The Saratoga Springs Housing Authority has a new chairman in Eric Weller, who replaced Dennis Brunelle in May, but the same lousy attitude: We did nothing wrong, it goes, and anyone who says we did, whether private citizen, public official or press, either doesn’t have all the facts or has it in for us.
That was the attitude when the authority was criticized for its excessively slow reaction to a bedbug infestation last fall and winter, excessively high salary of Executive Director Ed Spychalski, questionable travel by Spychalski and other officials, and nepotism. And that’s the attitude now, exhibited in Weller’s response to an audit by the state comptroller done at the request of Mayor Scott Johnson.
The comptroller’s report looked at each of the areas above and found problems with all of them. Concerning the bedbugs, the auditors pointed out that it took the authority six months to call in exterminators, during which time the infestation became worse, and reached the obvious conclusion that they should have been called in earlier. Weller insisted that the authority had handled the situation correctly, and questioned the auditors’ competence to deal with matters of pest control.
Regarding Spychalski’s salary ($152,000 in 2011 and $145,000 in 2012), the auditors found that it puts him in the top 7 percent of housing authority directors nationwide, and far exceeds the salary for directors of smaller authorities like Saratoga’s. They also found that it violates the authority’s own policy, which is supposed to peg the executive director’s salary to that of a local school principal (Spychalski’s is significantly higher). And they pointed out the financial exposure the authority subjected itself (or, more precisely, taxpayers) to by making Spychalski’s contract for five years and having it reset at five every year he was given a positive review. That provision could have forced the board, if it wanted to get rid of Spychalski, to buy out as much as four years of his contract, at a cost of somewhere between $550,000 and $600,000. Weller defended both the salary and contract.
On the subject of nepotism, the audit was mixed. It found that the hiring of Spychalski’s daughter and son was OK, because it was done through the civil service process. But using Spychalski’s brother’s garage to repair authority vehicles was a problem — even though the practice had started before Spychalski became executive director and the prices charged were reasonable — because it violated the authority’s ethics policy.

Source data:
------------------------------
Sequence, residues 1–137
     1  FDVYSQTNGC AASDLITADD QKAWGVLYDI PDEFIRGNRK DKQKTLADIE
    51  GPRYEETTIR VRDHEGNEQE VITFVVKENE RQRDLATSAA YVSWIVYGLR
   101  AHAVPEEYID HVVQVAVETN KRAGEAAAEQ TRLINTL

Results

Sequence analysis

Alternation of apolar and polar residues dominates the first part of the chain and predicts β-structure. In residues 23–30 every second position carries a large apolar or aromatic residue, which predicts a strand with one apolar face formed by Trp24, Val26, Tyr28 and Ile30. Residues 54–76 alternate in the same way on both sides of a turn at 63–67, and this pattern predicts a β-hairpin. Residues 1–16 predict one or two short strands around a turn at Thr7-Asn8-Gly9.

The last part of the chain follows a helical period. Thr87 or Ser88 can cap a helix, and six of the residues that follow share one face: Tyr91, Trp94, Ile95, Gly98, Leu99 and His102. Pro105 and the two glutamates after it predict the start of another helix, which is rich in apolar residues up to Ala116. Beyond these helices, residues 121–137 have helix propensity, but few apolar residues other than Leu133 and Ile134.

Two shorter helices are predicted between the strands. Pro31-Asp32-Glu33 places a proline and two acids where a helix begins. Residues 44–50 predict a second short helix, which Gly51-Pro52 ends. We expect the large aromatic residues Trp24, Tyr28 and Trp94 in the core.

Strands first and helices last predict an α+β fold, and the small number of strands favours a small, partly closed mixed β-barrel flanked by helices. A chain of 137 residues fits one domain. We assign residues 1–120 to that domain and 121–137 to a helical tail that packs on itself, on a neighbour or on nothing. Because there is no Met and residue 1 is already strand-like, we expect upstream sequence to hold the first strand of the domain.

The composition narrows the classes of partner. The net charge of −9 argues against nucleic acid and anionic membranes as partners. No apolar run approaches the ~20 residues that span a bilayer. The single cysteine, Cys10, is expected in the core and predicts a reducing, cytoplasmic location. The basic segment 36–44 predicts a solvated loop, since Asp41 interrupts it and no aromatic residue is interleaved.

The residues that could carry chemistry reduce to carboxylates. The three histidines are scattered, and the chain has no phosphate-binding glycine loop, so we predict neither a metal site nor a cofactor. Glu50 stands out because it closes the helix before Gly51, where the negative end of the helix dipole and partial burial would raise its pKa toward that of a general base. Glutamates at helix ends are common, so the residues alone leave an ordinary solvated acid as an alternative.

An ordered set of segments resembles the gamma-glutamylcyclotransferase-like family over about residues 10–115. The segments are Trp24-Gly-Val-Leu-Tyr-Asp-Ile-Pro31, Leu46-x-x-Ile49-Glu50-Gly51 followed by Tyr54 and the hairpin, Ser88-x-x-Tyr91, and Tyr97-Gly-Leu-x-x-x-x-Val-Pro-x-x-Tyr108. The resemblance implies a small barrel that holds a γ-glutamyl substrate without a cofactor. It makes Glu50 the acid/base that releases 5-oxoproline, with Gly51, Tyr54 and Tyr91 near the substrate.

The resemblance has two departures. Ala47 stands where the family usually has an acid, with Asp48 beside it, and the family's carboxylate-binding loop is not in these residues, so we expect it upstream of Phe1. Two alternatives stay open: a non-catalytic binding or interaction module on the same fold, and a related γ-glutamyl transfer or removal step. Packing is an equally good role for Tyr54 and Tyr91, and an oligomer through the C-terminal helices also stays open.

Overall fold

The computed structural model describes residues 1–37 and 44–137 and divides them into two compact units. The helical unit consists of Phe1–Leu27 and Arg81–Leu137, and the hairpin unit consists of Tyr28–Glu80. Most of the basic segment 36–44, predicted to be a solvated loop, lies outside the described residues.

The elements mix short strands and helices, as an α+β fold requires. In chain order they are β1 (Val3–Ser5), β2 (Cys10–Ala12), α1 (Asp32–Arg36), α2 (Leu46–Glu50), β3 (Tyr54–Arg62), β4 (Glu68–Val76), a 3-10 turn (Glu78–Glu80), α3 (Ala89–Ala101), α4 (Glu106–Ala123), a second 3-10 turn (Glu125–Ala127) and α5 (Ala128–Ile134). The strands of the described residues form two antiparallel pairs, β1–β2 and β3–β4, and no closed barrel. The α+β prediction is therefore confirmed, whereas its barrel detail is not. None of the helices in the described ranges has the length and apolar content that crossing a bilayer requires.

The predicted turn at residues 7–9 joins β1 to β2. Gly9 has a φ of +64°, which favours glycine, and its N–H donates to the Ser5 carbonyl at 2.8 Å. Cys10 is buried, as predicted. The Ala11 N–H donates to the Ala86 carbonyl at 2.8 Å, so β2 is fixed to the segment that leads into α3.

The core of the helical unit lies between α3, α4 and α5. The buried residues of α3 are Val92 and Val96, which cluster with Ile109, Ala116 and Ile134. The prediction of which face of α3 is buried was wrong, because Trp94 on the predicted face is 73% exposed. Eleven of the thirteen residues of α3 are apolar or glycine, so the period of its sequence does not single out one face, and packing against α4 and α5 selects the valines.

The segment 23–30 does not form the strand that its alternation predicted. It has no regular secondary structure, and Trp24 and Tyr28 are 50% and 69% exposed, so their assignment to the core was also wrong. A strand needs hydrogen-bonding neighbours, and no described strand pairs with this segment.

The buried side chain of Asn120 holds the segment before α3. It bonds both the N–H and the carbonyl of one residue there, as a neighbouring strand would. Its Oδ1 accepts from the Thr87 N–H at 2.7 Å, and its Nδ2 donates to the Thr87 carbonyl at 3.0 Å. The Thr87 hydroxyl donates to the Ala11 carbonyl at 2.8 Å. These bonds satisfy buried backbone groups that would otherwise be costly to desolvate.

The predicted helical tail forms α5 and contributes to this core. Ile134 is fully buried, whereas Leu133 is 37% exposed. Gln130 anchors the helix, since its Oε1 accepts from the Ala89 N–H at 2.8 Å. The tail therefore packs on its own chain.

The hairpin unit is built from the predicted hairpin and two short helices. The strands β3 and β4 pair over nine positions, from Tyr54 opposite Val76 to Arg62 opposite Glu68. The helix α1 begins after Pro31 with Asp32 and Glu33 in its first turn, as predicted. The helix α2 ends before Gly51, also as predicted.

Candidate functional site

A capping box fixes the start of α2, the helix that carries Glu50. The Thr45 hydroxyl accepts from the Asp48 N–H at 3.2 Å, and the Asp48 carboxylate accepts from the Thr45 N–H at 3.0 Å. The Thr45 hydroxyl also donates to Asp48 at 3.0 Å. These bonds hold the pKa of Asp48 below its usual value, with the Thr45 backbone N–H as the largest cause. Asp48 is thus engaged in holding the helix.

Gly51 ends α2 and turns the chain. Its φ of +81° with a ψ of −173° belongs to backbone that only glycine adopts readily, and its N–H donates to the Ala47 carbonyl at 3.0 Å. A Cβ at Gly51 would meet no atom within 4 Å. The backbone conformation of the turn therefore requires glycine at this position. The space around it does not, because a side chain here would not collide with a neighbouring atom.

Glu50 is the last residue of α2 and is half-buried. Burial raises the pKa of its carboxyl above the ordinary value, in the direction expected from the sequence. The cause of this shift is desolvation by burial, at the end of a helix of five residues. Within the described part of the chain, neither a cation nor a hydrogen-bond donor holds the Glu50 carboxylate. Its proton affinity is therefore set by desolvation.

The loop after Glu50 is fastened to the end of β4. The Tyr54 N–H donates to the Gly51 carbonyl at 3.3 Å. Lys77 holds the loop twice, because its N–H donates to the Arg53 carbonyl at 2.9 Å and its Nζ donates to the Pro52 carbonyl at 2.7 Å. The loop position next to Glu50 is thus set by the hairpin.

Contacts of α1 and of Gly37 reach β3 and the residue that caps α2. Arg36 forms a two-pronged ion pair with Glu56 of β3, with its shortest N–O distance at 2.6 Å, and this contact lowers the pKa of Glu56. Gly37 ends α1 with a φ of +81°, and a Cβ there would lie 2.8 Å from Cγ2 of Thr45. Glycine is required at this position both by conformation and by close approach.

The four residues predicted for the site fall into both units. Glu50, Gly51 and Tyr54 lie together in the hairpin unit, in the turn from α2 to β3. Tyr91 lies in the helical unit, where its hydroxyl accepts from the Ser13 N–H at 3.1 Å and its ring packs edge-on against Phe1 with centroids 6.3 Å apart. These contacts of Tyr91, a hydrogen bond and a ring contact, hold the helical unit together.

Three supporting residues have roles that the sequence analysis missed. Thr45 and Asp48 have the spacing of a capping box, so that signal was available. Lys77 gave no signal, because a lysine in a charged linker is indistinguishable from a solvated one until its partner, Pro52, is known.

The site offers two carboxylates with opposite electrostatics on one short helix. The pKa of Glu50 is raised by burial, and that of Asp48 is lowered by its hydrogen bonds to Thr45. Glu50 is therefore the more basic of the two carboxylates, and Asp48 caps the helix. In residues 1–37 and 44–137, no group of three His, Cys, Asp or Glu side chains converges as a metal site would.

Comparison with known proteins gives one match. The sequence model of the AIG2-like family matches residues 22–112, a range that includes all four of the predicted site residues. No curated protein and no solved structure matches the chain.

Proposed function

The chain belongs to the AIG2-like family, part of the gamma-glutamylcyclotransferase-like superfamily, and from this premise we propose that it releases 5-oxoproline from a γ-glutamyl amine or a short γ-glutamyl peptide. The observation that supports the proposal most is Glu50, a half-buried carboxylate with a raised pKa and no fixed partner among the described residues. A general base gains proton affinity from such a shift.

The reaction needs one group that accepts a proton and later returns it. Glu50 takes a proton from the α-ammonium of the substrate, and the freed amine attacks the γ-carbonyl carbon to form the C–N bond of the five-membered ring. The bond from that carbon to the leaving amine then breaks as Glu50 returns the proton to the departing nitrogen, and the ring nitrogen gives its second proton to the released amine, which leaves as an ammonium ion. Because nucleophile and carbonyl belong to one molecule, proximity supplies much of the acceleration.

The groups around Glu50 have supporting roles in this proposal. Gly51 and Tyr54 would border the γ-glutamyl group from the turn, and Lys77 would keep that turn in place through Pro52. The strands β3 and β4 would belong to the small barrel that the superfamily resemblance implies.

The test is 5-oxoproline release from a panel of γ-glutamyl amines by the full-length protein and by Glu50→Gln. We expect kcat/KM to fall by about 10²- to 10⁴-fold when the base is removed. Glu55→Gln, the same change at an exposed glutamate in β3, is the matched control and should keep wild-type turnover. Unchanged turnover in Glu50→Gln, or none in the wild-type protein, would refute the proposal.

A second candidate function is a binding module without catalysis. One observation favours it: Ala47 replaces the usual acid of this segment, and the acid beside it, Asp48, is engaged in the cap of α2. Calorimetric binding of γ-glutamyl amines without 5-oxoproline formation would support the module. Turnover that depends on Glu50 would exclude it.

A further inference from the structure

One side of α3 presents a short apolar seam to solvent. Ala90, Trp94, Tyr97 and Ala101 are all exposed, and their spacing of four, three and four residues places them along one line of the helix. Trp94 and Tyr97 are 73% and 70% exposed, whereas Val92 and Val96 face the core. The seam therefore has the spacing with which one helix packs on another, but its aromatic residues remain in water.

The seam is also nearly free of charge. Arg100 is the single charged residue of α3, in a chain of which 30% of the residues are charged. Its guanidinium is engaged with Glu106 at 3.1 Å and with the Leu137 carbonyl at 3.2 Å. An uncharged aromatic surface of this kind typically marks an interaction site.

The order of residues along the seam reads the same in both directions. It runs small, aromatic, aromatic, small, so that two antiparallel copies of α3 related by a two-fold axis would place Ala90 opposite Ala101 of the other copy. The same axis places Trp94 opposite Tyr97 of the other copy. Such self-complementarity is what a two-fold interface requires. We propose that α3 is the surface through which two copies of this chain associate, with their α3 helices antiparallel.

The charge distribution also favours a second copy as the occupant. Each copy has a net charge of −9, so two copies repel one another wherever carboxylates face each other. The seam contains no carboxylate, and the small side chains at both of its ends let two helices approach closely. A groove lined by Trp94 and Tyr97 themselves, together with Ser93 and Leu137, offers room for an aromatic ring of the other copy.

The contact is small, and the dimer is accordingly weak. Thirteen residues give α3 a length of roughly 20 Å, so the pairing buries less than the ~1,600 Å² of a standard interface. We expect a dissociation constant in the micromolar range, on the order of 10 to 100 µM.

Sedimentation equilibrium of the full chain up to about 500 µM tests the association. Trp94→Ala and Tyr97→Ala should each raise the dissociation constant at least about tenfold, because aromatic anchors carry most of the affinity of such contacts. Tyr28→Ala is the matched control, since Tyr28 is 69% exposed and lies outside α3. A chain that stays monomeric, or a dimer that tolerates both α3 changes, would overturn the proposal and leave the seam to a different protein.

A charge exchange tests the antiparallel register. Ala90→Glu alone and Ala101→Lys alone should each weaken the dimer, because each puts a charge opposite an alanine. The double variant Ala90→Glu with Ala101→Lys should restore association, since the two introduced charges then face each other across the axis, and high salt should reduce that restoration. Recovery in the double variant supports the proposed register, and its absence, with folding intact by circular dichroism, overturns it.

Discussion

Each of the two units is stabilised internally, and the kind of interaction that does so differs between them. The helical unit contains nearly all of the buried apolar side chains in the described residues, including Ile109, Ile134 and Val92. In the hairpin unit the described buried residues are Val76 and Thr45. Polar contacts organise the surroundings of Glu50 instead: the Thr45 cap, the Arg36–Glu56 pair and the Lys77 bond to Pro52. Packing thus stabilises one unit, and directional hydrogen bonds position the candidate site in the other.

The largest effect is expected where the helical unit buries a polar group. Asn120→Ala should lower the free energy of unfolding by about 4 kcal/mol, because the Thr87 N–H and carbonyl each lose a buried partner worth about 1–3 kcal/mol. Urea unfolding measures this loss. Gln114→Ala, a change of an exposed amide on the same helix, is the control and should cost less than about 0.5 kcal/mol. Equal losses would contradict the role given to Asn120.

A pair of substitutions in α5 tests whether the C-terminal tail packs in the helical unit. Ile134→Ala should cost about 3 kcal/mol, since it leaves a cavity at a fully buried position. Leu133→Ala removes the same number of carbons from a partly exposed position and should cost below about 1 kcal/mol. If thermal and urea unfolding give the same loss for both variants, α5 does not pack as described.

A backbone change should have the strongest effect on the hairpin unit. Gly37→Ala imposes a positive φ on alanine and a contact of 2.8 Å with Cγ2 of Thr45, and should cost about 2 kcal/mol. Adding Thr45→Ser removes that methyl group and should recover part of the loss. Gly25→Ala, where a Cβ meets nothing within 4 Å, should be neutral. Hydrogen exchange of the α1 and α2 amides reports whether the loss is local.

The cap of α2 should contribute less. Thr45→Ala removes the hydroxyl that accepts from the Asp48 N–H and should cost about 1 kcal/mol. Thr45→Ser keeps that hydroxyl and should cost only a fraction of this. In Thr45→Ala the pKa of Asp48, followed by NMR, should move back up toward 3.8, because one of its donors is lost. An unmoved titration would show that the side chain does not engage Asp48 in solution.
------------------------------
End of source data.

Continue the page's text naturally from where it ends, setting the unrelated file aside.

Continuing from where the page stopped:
But most damning, for both the authority and Spychalski, were trips that he, the former board chairman and a staff clerk took to Washington and Phoenix for conferences. In the first case, the auditors found that the travelers arrived three days before the conference and were on a tour of the Capitol Building when they were supposedly attending special pre-conference class sessions. Did anyone say “junket”? Spychalski told the auditors that they went early to meet with their representatives in Congress, but the auditors pointed out that the meeting organizers had scheduled time for such meetings during the conference. And Gazette reporter David Lombardo took the additional step of calling the offices of Sen. Kirsten Gillibrand and Rep. Chris Gibson, whose staff said they had never been contacted by the travelers.
In the Phoenix case, Spychalski and company flew into and out of Las Vegas, spending extra days and incurring expenses there, while renting a car for the drive to Phoenix. Spychalski told the auditors it was because he couldn’t get a direct flight from Albany to Phoenix, but the auditors found that he actually had purchased a ticket directly to Phoenix and cancelled it in favor of one to Vegas.
The auditors attributed the problem to lax financial standards on the part of the board, which didn’t require adequate documentation for travel or adequately review payments to vendors before or after they were paid. But there also seems to be the small matter of dishonesty on Spychalski’s part.
The board needs to keep a closer watch over travel vouchers (Weller said they will do so, while also giving the comptroller’s office a lecture on the importance of going to conferences) and all things financial (Weller said that reviewing and paying vendors’ bills is the job of the executive director and chief financial officer, and warned against “micromanagement” by the board.)
The board has some problems to fix. A good first step would be to acknowledge them, something that Weller still is unwilling to do — which makes him a problem.